Sunday 23 November 2014

The Procrastinator (Some) Times Sunday 23rd November Edition


Morning fellows! Hope your Sunday is going great.

In our News section we have three articles about the Ayotzinapa tragedy in México via Vice, AlJazeera America and Fusion. Oh Mexico, I really feel you, and I'm not the only one as this past week there were protest in several cities across the globe organized mainly via social media by people that want to express their solidarity with the Mexican people and their outrage and disgust to the Mexican government. On the contrary, in Venezuela -and I can't not mention this, I'm sorry- our students were brutally murdered, also by thugs and the police, and jailed in the worst prisons and without due process and nobody but us seemed to care. I guess that human rights violations powered by drug money look a bit worse than the ones powered by oil-money. But believe me, they both hurt the same.

Anyway. We are sharing an AlJazeera America article that summarizes the Ayotzinapa situation in around 3 min, for those of you who have not heard much; the trailer of a Vice soon-to-come documentary, you know these guys are good at their immersive journalism stuff; and a nice op-ed article in English written by Enrique Acevedo titled: What the Ayotzinapa tragedy says about Mexico. If any of my friends that live in México want to share more (I don't necessarily know the best sources), please do.

In our Science & Technology section: Americans seems to be super concerned about privacy, but they act as they don't, and the reason is that often they don’t have real choice, all that and your brain in  magic mushrooms. Are you waiting for a stroke of genius that change your life forever? Good, me too. Just keep calm and get older, read about it in our Design, Business & Innovation section.  In Culture & Entertainment, the relationship between art & anthropology, 10 things we can learn about Bill Murray and the most widely used adjective derived from the name of a modern writer... can you guess which one it is? Finally in Our Weekly Procrastination, some photos from Inside, the wonderful exhibition currently at the Palais de Tokyo.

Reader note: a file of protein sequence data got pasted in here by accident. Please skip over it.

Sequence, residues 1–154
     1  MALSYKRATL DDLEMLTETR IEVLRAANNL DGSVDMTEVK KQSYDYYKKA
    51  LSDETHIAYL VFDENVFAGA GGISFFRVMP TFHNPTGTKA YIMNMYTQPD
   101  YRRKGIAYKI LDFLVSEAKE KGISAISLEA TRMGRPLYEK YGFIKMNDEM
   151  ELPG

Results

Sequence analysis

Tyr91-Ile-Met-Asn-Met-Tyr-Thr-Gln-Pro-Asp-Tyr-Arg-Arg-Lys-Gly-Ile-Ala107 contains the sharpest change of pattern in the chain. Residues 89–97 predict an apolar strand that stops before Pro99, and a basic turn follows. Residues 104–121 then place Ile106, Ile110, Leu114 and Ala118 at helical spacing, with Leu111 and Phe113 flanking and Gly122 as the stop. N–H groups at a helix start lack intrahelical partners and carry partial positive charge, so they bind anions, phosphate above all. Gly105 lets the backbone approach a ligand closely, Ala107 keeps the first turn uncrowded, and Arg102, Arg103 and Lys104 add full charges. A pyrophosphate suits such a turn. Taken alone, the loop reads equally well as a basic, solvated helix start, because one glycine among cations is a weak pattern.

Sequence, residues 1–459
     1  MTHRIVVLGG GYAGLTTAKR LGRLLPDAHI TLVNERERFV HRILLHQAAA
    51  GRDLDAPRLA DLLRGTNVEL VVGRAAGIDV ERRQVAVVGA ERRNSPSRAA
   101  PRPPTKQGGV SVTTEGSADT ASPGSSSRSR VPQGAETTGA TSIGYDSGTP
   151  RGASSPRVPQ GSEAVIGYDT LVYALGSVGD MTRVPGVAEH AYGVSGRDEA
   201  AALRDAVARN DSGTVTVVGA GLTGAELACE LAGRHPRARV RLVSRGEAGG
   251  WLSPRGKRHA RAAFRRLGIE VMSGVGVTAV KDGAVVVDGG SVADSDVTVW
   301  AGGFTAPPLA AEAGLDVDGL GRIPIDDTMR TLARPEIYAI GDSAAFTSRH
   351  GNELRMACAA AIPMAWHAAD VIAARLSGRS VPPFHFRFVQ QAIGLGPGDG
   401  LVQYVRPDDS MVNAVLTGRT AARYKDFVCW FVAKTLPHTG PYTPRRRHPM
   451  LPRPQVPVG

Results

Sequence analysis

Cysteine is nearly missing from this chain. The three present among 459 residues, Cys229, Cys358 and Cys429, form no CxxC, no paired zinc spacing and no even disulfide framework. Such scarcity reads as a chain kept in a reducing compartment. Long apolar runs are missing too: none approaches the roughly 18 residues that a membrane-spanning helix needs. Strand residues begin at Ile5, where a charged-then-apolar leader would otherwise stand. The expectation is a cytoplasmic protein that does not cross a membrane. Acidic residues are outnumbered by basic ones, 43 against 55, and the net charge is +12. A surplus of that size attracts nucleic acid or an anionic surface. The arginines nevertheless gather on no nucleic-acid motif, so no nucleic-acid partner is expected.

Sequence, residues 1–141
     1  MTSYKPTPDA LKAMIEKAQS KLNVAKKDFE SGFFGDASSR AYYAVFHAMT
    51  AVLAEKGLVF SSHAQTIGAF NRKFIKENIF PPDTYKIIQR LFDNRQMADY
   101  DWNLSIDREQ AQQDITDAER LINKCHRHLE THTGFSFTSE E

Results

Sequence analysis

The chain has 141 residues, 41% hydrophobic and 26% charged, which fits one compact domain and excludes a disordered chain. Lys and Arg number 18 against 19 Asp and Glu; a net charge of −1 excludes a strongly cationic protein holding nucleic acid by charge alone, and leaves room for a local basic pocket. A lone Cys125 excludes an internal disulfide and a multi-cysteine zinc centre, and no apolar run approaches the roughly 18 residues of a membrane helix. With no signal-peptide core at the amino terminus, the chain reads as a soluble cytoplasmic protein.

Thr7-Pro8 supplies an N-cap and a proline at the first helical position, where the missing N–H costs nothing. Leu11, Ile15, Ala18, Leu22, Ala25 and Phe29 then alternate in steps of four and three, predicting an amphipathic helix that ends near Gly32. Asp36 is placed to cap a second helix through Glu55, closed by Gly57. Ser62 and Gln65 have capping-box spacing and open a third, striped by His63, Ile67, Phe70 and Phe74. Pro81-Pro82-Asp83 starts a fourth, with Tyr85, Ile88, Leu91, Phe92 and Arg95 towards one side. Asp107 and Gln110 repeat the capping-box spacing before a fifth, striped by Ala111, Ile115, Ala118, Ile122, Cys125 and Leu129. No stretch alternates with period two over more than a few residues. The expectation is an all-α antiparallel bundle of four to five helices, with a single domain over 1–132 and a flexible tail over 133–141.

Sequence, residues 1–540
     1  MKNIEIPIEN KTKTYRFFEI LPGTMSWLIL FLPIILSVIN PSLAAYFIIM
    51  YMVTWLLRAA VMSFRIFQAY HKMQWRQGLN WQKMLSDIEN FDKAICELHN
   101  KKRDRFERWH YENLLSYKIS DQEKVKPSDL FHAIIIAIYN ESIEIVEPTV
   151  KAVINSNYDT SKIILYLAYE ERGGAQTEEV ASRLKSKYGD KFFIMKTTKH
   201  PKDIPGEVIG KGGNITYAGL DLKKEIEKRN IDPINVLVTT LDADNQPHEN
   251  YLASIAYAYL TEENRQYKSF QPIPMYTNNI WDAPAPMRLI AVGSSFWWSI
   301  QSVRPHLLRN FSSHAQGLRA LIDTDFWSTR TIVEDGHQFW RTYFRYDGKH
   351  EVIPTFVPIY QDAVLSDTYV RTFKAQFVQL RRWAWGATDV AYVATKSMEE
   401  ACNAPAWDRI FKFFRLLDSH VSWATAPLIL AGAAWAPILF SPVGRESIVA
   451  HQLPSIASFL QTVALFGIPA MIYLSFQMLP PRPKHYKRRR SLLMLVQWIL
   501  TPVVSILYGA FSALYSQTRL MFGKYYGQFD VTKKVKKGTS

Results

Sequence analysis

Protesters at a government building in Chilpancingo, Guerrero. (Photo by Hans-Maximo Musielik) via VICE.

"On September 26, teaching students from the Ayotzinapa Normal School in Mexico were intercepted by police forces en route to a protest in Iguala. In the ensuing clash, six people were killed, and 43 Ayotzinapa students were taken away by the police. Investigations over the following weeks led to the startling allegations that the police had acted at the behest of the local mayor, and had turned over the abducted students to members of the Guerreros Unidos cartel. All 43 students are now feared dead." Check out the trailer, related links and the rest of the article in Vice. E.T.P. 3'

Photo via Huffington Post.

"The Mexican Revolution, which launched on Nov. 20, 1910, was the first major political and social revolution of the 20th century. It brought an end to Porfirio Díaz’s 34-year dictatorship and transformed Mexico through land reform, the implementation of presidential term limits and the nationalization of natural resources. Today, on the 104th anniversary of the revolution, Mexico faces another defining moment. . .Though drug-war-related violence has not let up during the first two years of President Enrique Peña Nieto’s term, he has largely ignored it. What’s more, his administration has changed the narrative to focus on Mexico as an economic success story . . . But now Peña Nieto, as well as the foreign investors he has worked so hard to court, can no longer avoid acknowledging the pervasive violence, corruption and impunity that continue to plague Mexico. The Sept. 26 abduction of 43 students in the southwestern state of Guerrero has eliminated whatever credibility his pivoting to economic issues might have had." Read full article in AlJazeera America. E.T.P. 4'

Photo via Noticieros Televisa.

"Mexico is a nation of stark contrasts. A country where obesity and acute malnutrition coexist;  the home of the world’s richest man and 53 million people living under the poverty line, almost half of the population. Nonetheless, there is a historic gap that explains Mexico better than any other disparity. This is the fracture created by the absence of the rule of law, one that divides those who infringe norms with ease and the victims that suffer from rampant impunity.
In some countries, justice in the court system can be bought, in Mexico it has become a luxury that only a few can afford. Those that don’t have the money or the influence are left defenseless, at the mercy of savage criminals and corrupt government officials, who occasionally act like one and the same, as we’ve seen in Iguala where six students were killed and 43 others went missing.
Our worst nightmares materialized last Friday when Mexico’s Attorney General, Jesus Murillo Karam, detailed the gruesome acts behind the kidnapping and murder of the Ayotzinapa students. We all knew the chances of finding them alive after more than 40 days were slim at best. But no one imagined the brutal way in which their lives allegedly ended – asphyxiation, their bodies burned in a pile, their bones crushed.
The remains have been tampered with to the point where they had to be sent to the Innsbruck Medical University in Austria for DNA identification." Read full article in Fusion. E.T.P. 4'

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